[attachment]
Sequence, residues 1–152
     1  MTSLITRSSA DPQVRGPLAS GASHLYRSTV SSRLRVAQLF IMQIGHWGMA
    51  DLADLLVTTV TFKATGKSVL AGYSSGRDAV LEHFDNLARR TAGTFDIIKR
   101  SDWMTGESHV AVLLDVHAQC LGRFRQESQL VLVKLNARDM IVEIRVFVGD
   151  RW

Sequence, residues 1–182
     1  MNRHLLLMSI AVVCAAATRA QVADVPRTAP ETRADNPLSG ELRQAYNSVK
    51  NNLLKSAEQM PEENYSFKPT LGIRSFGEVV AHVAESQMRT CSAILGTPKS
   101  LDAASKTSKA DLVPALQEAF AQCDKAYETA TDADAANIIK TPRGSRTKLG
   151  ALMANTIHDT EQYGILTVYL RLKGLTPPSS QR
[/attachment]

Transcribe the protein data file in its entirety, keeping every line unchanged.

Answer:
Sequence, residues 1–152
     1  MTSLITRSSA DPQVRGPLAS GASHLYRSTV SSRLRVAQLF IMQIGHWGMA
    51  DLADLLVTTV TFKATGKSVL AGYSSGRDAV LEHFDNLARR TAGTFDIIKR
   101  SDWMTGESHV AVLLDVHAQC LGRFRQESQL VLVKLNARDM IVEIRVFVGD
   151  RW

Sequence, residues 1–182
     1  MNRHLLLMSI AVVCAAATRA QVADVPRTAP ETRADNPLSG ELRQAYNSVK
    51  NNLLKSAEQM PEENYSFKPT LGIRSFGEVV AHVAESQMRT CSAILGTPKS
   101  LDAASKTSKA DLVPALQEAF AQCDKAYETA TDADAANIIK TPRGSRTKLG
   151  ALMANTIHDT EQYGILTVYL RLKGLTPPSS QR